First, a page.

Is it ethical to require supermarkets to give unsold food to the needy?

  • Why the heck not?

    They just get rid of it afterwards anyway. It doesn't hurt them to give food to the needy, so why not? It's only the right, human thing to do. There really isn't a single reason not to. Even if for some unexplained reason, it does damage the company slightly, they're still obliged, as human, to help those who are in need.

  • They just throw it away anyways.

    We waste so much food while so many people go hungry. That food we just throw out could be a meal for someone. I think that should apply to restaurants too, most specifically the fast food ones that have a lot of leftover food at the end of their day. We should be giving the needy this food because it would help them out a lot and we wouldn't be wasting anything.

  • Yes, this is ethical.

    Yes, it is ethical to require supermarkets to give unsold food to the needy. As long as the government is not confiscating items off of store shelves before they have a change to sell, there is nothing wrong with donating unsold items to those in need. Many supermarkets just throw away food items they don't sell. It is much more ethical for grocery stores to donate unsold food to the needy, instead of disposing of it.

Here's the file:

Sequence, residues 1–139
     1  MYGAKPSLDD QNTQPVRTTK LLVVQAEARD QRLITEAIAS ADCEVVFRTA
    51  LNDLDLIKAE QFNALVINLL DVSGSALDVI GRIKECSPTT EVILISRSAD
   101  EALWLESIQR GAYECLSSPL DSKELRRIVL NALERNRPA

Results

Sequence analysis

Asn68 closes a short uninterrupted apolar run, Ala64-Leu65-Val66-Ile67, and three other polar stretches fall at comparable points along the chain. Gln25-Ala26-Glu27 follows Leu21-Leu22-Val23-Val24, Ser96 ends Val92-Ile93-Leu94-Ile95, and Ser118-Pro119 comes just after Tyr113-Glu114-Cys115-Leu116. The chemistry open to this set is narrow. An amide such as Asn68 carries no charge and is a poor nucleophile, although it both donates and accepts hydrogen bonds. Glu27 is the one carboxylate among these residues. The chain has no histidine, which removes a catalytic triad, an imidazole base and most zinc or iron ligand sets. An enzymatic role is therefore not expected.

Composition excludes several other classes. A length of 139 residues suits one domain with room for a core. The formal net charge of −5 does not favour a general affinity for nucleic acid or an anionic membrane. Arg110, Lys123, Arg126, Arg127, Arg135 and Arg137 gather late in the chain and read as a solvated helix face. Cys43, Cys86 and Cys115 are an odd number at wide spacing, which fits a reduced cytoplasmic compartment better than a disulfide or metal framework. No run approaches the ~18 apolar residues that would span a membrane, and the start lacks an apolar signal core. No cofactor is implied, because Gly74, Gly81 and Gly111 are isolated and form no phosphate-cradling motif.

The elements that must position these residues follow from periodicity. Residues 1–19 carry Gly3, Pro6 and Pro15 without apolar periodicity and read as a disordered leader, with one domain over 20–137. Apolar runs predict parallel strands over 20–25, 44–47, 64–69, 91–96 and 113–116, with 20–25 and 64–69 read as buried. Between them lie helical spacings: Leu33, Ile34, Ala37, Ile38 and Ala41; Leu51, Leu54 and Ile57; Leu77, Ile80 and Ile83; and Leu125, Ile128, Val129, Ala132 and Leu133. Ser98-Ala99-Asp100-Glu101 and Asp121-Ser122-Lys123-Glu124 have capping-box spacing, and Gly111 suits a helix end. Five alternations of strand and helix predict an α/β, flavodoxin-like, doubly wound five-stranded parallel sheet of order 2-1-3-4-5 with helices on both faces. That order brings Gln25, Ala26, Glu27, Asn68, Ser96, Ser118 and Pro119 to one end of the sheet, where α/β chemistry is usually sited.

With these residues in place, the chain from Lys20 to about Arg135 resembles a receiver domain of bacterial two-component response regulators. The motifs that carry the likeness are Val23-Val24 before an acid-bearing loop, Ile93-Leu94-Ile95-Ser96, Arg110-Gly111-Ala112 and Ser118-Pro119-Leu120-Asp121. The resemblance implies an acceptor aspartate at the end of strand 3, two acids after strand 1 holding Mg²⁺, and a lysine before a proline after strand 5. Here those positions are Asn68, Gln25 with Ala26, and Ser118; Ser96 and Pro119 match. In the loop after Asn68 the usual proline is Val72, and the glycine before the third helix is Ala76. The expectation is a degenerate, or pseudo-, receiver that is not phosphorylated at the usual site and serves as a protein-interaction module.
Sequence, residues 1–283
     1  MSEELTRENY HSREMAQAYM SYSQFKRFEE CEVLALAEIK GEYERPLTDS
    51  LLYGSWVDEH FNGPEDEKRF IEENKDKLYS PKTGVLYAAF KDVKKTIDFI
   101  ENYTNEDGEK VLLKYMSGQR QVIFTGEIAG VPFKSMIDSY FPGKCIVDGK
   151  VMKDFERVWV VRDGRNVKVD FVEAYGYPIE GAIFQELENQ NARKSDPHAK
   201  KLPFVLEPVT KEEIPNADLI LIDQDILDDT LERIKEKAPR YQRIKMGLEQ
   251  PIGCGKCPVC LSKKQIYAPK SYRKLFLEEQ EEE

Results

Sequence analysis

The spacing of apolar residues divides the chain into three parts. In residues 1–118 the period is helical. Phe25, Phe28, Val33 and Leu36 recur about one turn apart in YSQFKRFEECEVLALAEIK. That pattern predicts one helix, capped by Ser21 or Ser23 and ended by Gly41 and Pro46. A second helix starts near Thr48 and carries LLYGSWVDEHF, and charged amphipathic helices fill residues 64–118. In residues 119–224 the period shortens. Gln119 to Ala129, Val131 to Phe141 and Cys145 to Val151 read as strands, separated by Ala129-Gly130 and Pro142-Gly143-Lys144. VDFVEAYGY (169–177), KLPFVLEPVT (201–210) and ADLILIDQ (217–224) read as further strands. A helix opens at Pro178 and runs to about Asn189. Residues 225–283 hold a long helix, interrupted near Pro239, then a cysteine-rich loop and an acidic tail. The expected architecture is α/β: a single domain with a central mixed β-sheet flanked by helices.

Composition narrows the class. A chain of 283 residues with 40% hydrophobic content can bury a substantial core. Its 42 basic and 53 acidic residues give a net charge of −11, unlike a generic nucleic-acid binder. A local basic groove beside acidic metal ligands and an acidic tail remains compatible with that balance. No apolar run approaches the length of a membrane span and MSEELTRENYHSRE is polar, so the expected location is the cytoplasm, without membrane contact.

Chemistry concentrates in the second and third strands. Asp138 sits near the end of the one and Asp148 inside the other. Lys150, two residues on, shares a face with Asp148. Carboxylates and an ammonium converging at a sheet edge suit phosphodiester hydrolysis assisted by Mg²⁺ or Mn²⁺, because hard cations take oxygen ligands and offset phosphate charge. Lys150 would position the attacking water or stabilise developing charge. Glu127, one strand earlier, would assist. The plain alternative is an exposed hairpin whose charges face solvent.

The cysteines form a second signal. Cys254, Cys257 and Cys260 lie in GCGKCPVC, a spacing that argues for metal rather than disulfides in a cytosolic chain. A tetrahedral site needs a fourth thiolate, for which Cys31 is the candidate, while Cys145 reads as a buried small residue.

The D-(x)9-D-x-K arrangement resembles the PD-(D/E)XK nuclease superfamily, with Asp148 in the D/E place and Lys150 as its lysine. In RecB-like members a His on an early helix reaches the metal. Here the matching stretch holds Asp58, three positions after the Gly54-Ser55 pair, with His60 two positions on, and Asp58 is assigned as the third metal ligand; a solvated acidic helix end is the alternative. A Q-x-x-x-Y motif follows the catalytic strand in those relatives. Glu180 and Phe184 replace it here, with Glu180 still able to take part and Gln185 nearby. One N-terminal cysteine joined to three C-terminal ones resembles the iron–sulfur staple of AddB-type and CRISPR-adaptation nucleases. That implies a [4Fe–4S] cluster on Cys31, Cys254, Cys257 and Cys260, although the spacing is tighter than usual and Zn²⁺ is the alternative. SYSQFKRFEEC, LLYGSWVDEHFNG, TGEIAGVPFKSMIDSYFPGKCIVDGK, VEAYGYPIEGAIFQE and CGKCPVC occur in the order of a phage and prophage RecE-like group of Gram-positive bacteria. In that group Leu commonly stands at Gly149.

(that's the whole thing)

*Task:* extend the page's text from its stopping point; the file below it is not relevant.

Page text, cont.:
• It shouldn't be required.

    I know numerous supermarkets that give their unsold food to the needy through reputable community organizations. However, I absolutely do not believe that this should be a requirement. You cannot legislate generosity. A supermarket is a private business, and they should be able to do whatever they want with their goods.

  • Private businesses make decisions

    While it may be ethical, it is not right to require supermarkets to give unsold food to the needy. It is a good idea to put unsold food to good use. Many stores do this already and it is helpful to everyone. However, in our free-market society, private business owners have a right to make their own decisions about how they operate. They should not be required to participate in this type of program. Perhaps it would be better to publicize the names of businesses that don't participate. Public opinion might be more persuasive.

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